Aggression and Stable Mood
A keto diet stabilizes over-excited brain regions in a way that’s similar to mood-stabilizing drugs like lithium that are sometimes prescribed for aggression and mood swings in people with autism[*][*].
Keto also shifts your body’s energy source from glucose to ketones (also called ketone bodies), which improves brain energy metabolism[*][*]. In these ways, the ketogenic diet may help stabilize and boost the mood of people with autism.
Children with epilepsy see a significant decrease in anxiety, decreased mood disturbance, and raised productivity when they switch to a keto diet[*].
Keto is significantly better than a low-fat, high-carb diet at boosting positive mood (and reducing hunger) in people without autism[*].
#3: Improves Gut Health
Your gastrointestinal tract (GI tract) is filled with trillions of bacteria, and they like to dabble in mind control.
Your gut bacteria have a direct line of contact to your brain, and they produce neurotransmitters and other brain chemicals that can change your mood and brain function, as well as your body’s immune and inflammation responses[*][*].
Your gut bacteria influence serotonin and dopamine, two neurotransmitters that influence mood and motivation[*]. Autistic people tend to have disrupted serotonin and dopamine production, and 74% of autistic children experience gastrointestinal distress[*][*][*].
Diet is a critical factor in the health and diversity of your microbiome[*].
Gut flora alterations can contribute to depression, stress response, and autism severity[*].
Eating a ketogenic diet starves bad gut bacteria and supports healthy gut bacteria, which can restore balance to your gut microbiome, and also increases the production of beneficial short-chain fatty acids and the neurotransmitters serotonin and GABA[*][*][*][*].
#4: Reduces Inflammation and Autoimmunity
Autistic children are more likely to be overweight or obese compared to children without autism, and autism symptoms are more severe the more overweight a person is[*].
Children who ate keto for six months lost significantly more weight than children on a low-calorie, low-fat diet[*]. The authors concluded that keto is both safe and beneficial for overweight children, and that being in a state of ketosis caused no significant side effects[*].
Eating keto also promotes healthy brain function, increases neuroplasticity, decreases oxidative stress, and reduces inflammation in your central nervous system[*]. All of which could help relieve autistic symptoms that come from inflammation and oxidative stress.
#5: Restores Mitochondrial Function
According to a 2012 meta-analysis of autistic children, 79% of autism spectrum disorder cases are likely the result of mitochondrial issues[*].
Your mitochondria are the power plants of your cells. They create the energy you need to live your life, powering everything you do. Your brain has a particularly high density of mitochondria.
If your mitochondria don’t work properly, your cells can’t get the energy they need to function. Mitochondrial dysfunction seems to be one of the root causes of autism[*].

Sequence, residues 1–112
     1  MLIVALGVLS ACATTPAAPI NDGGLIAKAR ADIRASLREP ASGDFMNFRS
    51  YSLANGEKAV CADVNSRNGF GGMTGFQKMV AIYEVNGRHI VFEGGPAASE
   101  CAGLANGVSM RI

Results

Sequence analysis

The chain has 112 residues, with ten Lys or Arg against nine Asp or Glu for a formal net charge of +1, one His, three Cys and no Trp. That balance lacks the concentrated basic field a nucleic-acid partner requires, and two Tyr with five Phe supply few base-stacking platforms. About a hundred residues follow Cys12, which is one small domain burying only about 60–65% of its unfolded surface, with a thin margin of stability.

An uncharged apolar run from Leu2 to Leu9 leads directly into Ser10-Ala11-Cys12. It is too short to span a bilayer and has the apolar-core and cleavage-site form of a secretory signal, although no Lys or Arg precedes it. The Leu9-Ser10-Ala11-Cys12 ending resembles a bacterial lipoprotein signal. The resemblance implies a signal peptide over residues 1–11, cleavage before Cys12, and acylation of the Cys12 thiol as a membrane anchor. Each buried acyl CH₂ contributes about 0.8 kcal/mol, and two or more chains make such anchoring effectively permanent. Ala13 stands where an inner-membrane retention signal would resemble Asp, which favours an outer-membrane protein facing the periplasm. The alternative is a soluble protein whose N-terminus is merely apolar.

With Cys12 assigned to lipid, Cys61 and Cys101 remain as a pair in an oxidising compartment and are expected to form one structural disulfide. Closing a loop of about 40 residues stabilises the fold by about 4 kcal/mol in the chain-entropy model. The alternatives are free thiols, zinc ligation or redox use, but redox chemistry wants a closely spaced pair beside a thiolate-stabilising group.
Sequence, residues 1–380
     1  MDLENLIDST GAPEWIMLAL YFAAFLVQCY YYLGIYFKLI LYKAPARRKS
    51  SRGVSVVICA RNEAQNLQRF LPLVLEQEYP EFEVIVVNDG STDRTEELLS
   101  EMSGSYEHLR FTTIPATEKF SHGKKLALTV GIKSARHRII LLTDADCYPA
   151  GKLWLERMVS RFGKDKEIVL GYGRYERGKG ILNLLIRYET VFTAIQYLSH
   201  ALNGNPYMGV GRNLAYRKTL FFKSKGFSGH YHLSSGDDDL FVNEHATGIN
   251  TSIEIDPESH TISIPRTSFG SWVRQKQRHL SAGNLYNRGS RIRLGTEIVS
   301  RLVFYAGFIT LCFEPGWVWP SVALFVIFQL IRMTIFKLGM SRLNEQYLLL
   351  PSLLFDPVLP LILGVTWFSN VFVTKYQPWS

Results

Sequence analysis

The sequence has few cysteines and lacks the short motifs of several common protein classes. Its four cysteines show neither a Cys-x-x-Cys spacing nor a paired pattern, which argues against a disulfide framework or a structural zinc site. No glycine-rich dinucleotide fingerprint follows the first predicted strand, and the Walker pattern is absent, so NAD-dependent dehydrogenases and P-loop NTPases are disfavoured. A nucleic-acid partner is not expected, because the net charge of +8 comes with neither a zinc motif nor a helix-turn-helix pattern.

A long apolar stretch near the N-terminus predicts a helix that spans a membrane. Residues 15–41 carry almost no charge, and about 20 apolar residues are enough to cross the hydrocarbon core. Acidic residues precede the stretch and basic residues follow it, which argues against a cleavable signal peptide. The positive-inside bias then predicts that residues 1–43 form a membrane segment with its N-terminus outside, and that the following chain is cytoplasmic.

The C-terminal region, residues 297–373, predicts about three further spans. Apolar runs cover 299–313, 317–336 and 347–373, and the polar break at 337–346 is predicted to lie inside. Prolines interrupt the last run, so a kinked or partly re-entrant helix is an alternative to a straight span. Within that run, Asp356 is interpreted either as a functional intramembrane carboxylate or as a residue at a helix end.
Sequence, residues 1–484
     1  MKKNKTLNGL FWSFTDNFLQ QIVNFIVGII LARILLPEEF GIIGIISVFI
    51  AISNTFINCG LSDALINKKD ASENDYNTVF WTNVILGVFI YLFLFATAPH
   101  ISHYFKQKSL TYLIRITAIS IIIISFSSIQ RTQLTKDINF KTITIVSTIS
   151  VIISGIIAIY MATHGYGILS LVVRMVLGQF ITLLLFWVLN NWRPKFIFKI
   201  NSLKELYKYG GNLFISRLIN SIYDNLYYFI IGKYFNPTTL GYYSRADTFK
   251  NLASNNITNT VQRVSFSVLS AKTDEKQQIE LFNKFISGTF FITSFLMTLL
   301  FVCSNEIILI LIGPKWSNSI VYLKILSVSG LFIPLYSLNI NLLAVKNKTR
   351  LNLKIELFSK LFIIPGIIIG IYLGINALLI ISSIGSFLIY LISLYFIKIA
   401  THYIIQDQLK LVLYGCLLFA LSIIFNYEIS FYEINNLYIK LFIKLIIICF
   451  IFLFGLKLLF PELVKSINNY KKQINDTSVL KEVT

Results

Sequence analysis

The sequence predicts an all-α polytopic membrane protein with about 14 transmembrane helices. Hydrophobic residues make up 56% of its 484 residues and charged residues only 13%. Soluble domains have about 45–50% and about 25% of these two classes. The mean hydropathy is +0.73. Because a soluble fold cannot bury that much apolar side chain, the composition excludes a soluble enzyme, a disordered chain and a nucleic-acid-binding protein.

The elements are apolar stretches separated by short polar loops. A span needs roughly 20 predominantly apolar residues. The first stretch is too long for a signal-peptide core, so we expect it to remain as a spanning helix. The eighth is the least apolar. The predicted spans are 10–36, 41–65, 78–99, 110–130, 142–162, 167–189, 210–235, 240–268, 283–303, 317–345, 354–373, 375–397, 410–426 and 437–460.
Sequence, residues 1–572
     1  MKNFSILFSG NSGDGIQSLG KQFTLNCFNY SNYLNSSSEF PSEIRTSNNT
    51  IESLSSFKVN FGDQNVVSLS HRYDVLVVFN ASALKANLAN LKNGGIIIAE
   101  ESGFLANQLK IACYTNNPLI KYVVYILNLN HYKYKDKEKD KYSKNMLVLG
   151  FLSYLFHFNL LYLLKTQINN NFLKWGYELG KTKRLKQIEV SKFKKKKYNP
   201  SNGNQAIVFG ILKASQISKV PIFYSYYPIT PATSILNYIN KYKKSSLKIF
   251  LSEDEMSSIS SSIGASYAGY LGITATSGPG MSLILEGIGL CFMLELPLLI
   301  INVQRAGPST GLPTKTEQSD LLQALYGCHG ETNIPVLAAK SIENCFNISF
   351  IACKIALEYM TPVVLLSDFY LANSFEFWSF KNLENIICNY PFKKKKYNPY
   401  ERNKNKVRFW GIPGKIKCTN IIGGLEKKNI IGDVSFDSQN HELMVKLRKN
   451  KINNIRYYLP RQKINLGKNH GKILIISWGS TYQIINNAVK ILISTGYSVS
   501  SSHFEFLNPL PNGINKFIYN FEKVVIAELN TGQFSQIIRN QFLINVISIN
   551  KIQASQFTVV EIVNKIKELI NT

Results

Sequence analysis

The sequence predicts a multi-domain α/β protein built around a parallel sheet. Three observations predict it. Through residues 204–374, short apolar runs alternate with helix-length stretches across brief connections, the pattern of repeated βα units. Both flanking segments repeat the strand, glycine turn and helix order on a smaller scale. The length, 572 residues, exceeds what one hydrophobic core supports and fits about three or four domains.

Finally, keto increases autophagy, which is like spring cleaning for your cells; your cells seek out damaged mitochondria and replace them with shiny new versions, which improves mitochondrial function across the board[*].
A ketogenic diet makes your mitochondria stronger, which may improve autistic symptoms.
#6: Makes Mothers Healthier Before and During Pregnancy
Mothers with diabetes or high blood pressure are 61% more likely to give birth to children with autism spectrum disorder or other developmental delays[*].
If you’re going to have a child, you want to make sure you’re as healthy as possible, especially when it comes to body weight.
Following a low-carb, high-fat diet can reduce body weight and improve blood sugar and insulin levels, which may reduce the odds of having autistic children[*].
An unhealthy gut biome increases risk of autism as well[*], probably because mothers pass their gut bacteria down to their children at birth. A keto diet is one of the best diets for weight loss and metabolic health[*] and balances gut bacteria[*][*].
The gluten-free casein-free diet (GFCF diet) and the elimination diet are two of the most popular diets adopted by families of autistic children hoping to address the core symptoms of autism[*].
Both diets are based on the elimination of potential allergens. The elimination diet includes an initial period of excluding or “eliminating” many different foods, gauging symptoms, then slowly adding them back to determine which foods make autism symptoms worse.
The GFCF diet excludes gluten (found in wheat and other grains) and casein (a type of dairy protein).
Immune and inflammatory components may contribute to the severity of autism symptoms. And since gluten and casein cause immune activation and inflammation in some people, the logic is that eliminating them could be helpful for autistic people[*].
Not all autistic people are sensitive to gluten and casein, which is why some studies don’t show any benefits to these diets for autism[*][*][*][*]. However, a GFCF or elimination diet is safe and worth a try for improving autism symptoms.
On the other hand, the keto diet offers the same benefits of a GFCF or elimination diet, as well as the many other benefits you just read about.